Earth Couldn’t Contain Sun Ra’s Ideas. His Arkestra Is Still Exploring Them.

“Swirling,” the group’s first album of new recordings in 20 years, is an affirmation of how vital the band remains under the direction of the saxophonist Marshall Allen, 96.

PHILADELPHIA — In the early 2000s, the pianist Farid Barronread that his idol John Coltrane had once received a papyrus from Sun Ra that was said to stop time.

“That’s why I came over here, to look for the manuscript,” Mr. Barron, 49, said on a recent Saturday afternoon, standing on the steps outside the Arkestral Institute of Sun Ra, where he now lives. An unassuming stone rowhouse in this city’s Germantown neighborhood, it is where Ra — a pianist, composer, poet and mystic whose influence on culture has only seemed to grow since his death in 1993 — held court for the last quarter-century of his life. Members of his ensemble, the Sun Ra Arkestra, continue to live and rehearse there, surrounded by his artifacts and aura.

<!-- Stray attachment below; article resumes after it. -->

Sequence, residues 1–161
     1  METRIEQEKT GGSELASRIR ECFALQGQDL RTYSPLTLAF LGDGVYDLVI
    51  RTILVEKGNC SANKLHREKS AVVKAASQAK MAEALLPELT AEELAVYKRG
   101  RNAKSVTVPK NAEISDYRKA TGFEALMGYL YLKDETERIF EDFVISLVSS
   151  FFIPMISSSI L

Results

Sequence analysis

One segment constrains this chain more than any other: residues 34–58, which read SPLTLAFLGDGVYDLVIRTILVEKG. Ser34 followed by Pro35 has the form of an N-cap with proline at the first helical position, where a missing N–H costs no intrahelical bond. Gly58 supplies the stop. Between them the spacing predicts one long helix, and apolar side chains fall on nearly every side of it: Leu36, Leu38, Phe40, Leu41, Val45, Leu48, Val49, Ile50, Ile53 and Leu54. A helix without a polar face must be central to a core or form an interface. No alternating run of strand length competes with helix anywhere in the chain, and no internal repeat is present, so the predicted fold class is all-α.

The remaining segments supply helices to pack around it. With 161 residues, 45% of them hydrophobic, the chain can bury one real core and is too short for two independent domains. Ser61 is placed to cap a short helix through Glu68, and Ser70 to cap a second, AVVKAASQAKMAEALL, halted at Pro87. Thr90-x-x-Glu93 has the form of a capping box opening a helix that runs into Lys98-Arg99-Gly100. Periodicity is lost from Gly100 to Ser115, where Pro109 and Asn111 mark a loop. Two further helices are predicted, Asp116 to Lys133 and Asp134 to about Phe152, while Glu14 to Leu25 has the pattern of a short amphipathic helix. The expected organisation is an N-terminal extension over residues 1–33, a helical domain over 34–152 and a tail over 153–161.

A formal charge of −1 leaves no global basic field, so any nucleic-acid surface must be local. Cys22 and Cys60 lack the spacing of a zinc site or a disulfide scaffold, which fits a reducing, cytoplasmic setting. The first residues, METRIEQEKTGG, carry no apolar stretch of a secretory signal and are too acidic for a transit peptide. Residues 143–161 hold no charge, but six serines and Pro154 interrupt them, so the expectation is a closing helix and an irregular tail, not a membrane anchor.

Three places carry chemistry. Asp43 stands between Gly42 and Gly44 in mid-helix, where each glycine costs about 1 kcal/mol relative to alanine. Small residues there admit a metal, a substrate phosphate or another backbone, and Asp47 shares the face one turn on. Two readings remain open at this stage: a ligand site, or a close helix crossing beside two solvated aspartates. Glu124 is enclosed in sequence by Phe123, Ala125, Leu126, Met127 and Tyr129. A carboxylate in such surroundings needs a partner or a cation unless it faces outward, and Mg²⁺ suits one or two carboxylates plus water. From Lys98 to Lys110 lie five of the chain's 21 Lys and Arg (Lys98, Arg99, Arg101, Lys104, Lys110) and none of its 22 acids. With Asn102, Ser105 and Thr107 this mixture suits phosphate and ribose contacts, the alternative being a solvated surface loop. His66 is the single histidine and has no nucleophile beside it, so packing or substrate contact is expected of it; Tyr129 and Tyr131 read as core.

So did Mr. Barron ever find the papyrus? Not exactly, he said, but “in a roundabout way, I found an answer to stopping time.”

It happened on his first gig with the Arkestra, in 2006. With the band careening into a hailstorm of free improvisation, he felt lost. “I thought it was cacophony,” he said. So he decided to attempt some of the difficult piano runs he’d been struggling with. “In that moment, all the stuff I had been working on by Art Tatum that I couldn’t execute, now I could,” Mr. Barron said. “In that sort of environment, where there’s no strict time and the energy is just flowing — that’s when I started to understand.”

As a robed, serene-faced Sun Ra says of his band in the 1974 film “Space Is the Place,” “We work on the other side of time.”

That perspective-slanting, potential-opening energy is best experienced live, of course, and without the pandemic, this weekend would probably have offered an ideal opportunity: The Arkestra, whose members always perform in shimmering regalia, has a long history of Halloween concerts. The next-best option is picking up “Swirling,” the group’s first album of new recordings in 20 years, due on Friday.

 

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Marshall Allen